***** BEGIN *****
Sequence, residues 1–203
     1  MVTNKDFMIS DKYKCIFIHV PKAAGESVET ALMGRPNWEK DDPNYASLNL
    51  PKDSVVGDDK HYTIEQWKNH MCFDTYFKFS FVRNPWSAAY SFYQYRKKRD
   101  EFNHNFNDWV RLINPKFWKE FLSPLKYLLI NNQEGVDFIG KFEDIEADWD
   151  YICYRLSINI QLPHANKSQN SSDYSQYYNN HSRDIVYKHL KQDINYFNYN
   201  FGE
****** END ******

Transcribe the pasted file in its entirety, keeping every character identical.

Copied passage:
Sequence, residues 1–203
     1  MVTNKDFMIS DKYKCIFIHV PKAAGESVET ALMGRPNWEK DDPNYASLNL
    51  PKDSVVGDDK HYTIEQWKNH MCFDTYFKFS FVRNPWSAAY SFYQYRKKRD
   101  EFNHNFNDWV RLINPKFWKE FLSPLKYLLI NNQEGVDFIG KFEDIEADWD
   151  YICYRLSINI QLPHANKSQN SSDYSQYYNN HSRDIVYKHL KQDINYFNYN
   201  FGE